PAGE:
Dorrit Harazim reports on the negotiations and pressure up to the moment the boy was put on an airplane back to the United States with his father
ZAMARIOLA EMERGES FROM HIS COCOON
Who the 28-year-old lawyer is who won the most famous family rights case of recent years – the Sean Goldman case – and how he survived the marathon the led up to the boy’s return to the United States
On Monday December 21, 2009, Ricardo Zamariola, Jr. woke up at seven in the morning in the rented apartment he had moved to two years previously. While in Brazil, in the United States and wherever else in the world, the pace of work relaxed as Christmas drew closer, the lawyer was beginning the most crucial week of his short career: the one that would decide the destiny of the nine-year-old boy Sean Goldman who had for five years, six months, and five days been separated from his father, American David Goldman.
Zamariola took his wheeled case that he had packed the night before – a notable improvement on the one with the handle he had dragged around up to then, but still not on a par with those that glide on four wheels, used by lawyers living on airplanes between São Paulo and Brasilia – and headed off for the office. He had agreed on the strategy with his partners. Paulo Roberto Andrade had been chosen to hold the fort in Brasilia, where Gilmar Mendes, the president of the Supreme Court (STF), would announce the decision. Zamariola and Marcos Ortiz boarded for Rio. Ortiz took nothing because he planned to be back in São Paulo that night.
At two in the afternoon Paulo Roberto Andrade sat himself down in the anteroom off the office of the president of the STF. With the Court in recess, the building was practically empty. In the anteroom were just two other lawyers, hired by the Lins e Silva family to make sure the boy Sean Goldman remained in Brazil.
At the Hotel Marriott Copacabana on Avenida Atlântica, room 815 was an anomaly. Despite its stunning views of the brilliant blue, sun-filled sky and the tropical beach, the room had the air of a bunker. Heavy curtains darkened the atmosphere and the air varied between chilly and stuffy because of a defect in the thermostat. The room had been booked days before under the false name “Richard Spain,” to keep reporters away, for David Goldman. As the booking had been made by an intermediary from the US Embassy, the daily rate had dropped from US$550 to US$200.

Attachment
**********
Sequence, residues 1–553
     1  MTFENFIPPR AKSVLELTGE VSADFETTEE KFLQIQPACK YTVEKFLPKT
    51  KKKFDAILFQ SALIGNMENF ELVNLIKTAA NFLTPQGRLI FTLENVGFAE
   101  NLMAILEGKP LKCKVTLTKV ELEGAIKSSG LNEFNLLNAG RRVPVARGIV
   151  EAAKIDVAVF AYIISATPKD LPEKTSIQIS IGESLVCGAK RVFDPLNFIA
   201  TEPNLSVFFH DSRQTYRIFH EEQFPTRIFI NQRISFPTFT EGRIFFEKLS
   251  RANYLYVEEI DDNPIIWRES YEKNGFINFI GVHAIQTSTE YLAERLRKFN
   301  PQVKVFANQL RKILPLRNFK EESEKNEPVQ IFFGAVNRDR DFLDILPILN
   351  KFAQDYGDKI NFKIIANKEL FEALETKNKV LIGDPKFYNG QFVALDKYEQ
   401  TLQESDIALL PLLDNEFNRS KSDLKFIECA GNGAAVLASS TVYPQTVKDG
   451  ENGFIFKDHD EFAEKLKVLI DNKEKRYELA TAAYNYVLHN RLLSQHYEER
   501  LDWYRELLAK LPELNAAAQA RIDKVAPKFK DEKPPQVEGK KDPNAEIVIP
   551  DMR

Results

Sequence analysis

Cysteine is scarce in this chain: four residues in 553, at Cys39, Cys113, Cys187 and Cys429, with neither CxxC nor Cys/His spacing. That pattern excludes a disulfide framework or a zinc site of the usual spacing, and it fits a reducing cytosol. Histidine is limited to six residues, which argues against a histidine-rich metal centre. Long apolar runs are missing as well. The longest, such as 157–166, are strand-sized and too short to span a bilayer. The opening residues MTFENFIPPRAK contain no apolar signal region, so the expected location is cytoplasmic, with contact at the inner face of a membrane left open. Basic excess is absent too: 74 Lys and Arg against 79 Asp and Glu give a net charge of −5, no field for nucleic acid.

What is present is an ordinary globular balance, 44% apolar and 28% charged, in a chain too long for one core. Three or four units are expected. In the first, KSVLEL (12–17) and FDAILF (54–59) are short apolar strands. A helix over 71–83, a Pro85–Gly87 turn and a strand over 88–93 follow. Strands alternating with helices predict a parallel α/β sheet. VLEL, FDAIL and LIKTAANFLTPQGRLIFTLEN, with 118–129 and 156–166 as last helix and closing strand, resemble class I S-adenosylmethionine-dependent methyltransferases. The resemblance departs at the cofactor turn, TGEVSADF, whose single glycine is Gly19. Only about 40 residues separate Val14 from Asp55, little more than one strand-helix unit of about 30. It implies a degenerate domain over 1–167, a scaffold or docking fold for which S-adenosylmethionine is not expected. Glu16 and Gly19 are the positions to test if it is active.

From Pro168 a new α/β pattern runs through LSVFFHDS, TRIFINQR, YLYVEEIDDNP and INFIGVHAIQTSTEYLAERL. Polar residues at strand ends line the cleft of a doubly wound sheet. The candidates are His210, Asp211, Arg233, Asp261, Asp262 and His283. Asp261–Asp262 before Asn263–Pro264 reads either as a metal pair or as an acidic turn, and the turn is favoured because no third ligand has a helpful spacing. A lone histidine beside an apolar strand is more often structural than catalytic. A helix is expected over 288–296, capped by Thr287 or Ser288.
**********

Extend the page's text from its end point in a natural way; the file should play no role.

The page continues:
In shorts and a T-shirt, David Goldman was stretched out on the bed. With the remote control in his hand, he surfed the channels without paying attention to any – except when, on CNN, the headline appeared – Developing Story – Brazil custody battle – repeating to death what was already known: that the ruling should be out at any time.
Sitting on the edge of the bed, Orna Blum, the US Embassy press officer, had turned her BlackBerry into an information center. Throughout the weekend she had been getting text messages from the team working for Secretary of State Hilary Clinton, asking for updates on the case. Every now and then rumors of varying degrees of credibility came to her notice. The latest said that João Paulo Lins e Silva, Sean Goldman’s step-father, had been seen over the weekend in Itaipava, in the mountains around Rio.